The lifelong follow-up assessment was planned one month after the operation, followed by every three months for the first two years, every half year from years three to five, and annually afterward. Thoracic CT scans, abdominal ultrasounds, routine blood tests, and serum tumor marker tests were routinely performed. PET-CT, brain MRI, bone scintigraphy, or TBNA were further applied if deemed necessary. Telephone follow-up was performed every six months until death or May 2023 for patients who did not regularly visit the outpatient clinic. The latest electronic medical profiles were recorded if patients lost to follow-up.

2.5 Clinical assessment and outcome measurement

Induction-related adverse events (IRAEs) were assessed in all patients using the National Cancer Institute Common Terminology Criteria for Adverse Events version 4.0 (https://ctep.cancer.gov/), a widely applied grade system for induction-related morbidities (3133). The thoracic CT scan or PET-CT radiographic assessment was conducted after induction therapy. The radiographic response was determined using RECIST version 1.1 by at least one dedicated thoracic radiologist. Interval to surgery was measured from the end of neoadjuvant treatment to the surgery date, and operation time was measured from incision to wound closure. R0 resection was defined as no microscopic residual tumor confirmed by paraffin pathologic reports. The 30-day postoperative complications were classified per the Clavien-Dindo classification system as follows: grade I, any deviation from the ordinary postoperative course without the need for pharmacological or operational intervention, or merely needing drugs such as analgesics, antipyretics, antiemetics, diuretics, or electrolytes; grade II, complication requiring pharmacological treatment, including blood transfusion and total parenteral nutrition; grade III, comorbidities requiring surgical or endoscopic intervention; grade IV, severe complication requiring ICU treatment; and grade V, death of the patient (34). Specifically, pulmonary comorbidities included pneumonia, acute respiratory distress syndrome (ARDS), respiratory failure requiring reintubation, empyema, and pulmonary embolism. Cardiac comorbidities included arrhythmia and myocardial ischemia or infarction. Anastomotic complications included prolonged air leaks and bronchopleural fistula. Other comorbidities included chylothorax, recurrent laryngeal nerve injury, and wound infection. Pathological response to therapy was evaluated regarding the volume of residual viable tumor cells in relation to the tumor bed following the principle described previously (35). Major pathological response (MPR) was defined as the presence of 10% viable residual tumor cells in the resected specimen, among which pathological complete response (pCR) was indicated when no viable residual tumor cell was found. The PD-L1 status of the tumor cells was assessed, and the positivity was indicated by a tumor proportion score of 1% or more. Recurrence-free survival (RFS) was calculated from the surgy to the date of any local or distant tumor recurrence, while central nervous system (CNS)-free survival was calculated from the surgery to the date of CNS tumor recurrence.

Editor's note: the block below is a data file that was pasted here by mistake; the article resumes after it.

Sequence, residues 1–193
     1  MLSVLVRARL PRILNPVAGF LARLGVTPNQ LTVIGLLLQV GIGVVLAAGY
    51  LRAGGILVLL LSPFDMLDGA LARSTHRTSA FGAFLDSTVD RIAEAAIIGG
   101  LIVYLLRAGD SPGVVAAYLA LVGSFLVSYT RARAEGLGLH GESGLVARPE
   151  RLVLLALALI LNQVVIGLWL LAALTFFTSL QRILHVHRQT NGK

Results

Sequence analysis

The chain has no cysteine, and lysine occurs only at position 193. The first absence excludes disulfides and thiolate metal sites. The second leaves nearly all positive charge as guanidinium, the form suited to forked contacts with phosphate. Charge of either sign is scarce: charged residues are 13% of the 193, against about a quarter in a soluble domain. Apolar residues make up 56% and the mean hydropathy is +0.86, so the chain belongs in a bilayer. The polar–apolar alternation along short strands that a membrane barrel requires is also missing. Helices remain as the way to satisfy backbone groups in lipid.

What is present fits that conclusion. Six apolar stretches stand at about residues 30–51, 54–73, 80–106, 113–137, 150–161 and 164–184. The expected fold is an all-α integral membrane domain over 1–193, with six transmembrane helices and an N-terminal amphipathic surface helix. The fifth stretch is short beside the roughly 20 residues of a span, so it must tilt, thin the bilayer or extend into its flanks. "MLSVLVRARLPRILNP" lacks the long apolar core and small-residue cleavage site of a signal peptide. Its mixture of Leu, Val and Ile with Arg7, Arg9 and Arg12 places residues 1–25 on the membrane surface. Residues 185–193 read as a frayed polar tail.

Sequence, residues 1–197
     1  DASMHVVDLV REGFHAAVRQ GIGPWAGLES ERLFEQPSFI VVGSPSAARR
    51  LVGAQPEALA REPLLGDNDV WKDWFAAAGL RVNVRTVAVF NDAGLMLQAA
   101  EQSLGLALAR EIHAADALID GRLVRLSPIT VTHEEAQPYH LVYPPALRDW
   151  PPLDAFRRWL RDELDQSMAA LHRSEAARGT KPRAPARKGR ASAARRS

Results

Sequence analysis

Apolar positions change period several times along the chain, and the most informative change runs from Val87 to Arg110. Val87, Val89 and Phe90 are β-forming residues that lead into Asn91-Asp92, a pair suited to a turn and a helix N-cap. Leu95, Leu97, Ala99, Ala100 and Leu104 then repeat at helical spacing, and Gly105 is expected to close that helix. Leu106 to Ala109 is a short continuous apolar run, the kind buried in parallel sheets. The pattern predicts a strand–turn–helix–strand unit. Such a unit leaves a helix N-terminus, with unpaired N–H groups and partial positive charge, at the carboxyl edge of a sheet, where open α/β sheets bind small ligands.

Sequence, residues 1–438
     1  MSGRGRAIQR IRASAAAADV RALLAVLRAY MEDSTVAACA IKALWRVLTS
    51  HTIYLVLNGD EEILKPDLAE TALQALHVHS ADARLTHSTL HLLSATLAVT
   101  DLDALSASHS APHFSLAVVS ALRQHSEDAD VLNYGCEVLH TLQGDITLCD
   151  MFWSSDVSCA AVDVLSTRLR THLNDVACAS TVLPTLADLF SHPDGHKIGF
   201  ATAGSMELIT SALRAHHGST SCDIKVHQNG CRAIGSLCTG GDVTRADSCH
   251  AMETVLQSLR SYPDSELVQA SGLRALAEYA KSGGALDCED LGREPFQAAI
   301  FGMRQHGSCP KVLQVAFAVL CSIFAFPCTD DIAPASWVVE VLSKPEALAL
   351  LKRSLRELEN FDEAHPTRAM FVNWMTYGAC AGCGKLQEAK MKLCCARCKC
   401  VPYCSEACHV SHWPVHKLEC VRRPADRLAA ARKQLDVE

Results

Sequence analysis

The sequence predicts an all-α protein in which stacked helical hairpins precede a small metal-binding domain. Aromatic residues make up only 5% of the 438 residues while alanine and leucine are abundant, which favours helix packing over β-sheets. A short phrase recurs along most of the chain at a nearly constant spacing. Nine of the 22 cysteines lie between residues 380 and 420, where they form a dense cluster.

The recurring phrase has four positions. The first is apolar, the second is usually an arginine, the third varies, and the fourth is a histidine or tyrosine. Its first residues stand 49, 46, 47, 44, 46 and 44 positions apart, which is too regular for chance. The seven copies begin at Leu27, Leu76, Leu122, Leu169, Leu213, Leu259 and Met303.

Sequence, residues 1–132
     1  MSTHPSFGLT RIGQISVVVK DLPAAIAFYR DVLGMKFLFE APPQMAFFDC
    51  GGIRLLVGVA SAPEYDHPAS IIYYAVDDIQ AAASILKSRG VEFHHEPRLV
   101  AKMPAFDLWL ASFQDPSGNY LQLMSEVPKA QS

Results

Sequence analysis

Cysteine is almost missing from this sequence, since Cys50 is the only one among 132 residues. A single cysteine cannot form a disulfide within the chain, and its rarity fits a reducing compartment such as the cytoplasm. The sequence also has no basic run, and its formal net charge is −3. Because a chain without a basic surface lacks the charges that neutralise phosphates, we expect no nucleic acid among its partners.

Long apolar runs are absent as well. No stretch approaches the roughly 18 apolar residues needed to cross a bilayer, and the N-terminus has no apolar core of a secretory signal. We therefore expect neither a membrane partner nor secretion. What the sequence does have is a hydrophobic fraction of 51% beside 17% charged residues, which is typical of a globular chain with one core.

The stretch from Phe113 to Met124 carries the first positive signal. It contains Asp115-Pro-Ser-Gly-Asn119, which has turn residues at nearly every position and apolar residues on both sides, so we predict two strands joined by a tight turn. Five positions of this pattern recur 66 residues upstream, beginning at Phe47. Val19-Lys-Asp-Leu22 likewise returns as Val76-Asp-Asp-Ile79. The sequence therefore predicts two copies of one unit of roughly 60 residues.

2.6 Statistical analysis

Mean ± standard deviation (SD) or median and interquartile range (IQR) were used to express the continuous variables, and frequencies and percentages were applied to define the categorical variables. If the Kolmogorov-Smirnov test indicated a normal distribution and homogeneous variance of the variable, the Student’s t-test was conducted to compare continuous variables. Otherwise, the Mann-Whitney U test was carried out. Pearson’s χ2 or Fisher’s exact test was applied to compare categorical variables. Kaplan-Meier curves log-rank (Mantel-Cox) test was adopted to analyze survival profiles. A prespecified two-sided p-value <0.05 was considered statistically significant. IBM SPSS Statistics v.26.0 (IBM Corporation, Armonk, NY, USA) was applied to perform the statistical analysis, while GraphPad Prism 9 (GraphPad Software Inc., San Diego, CA, USA) was adopted to analyze survival profiles.

3 Results

3.1 Baseline clinical characteristics of patients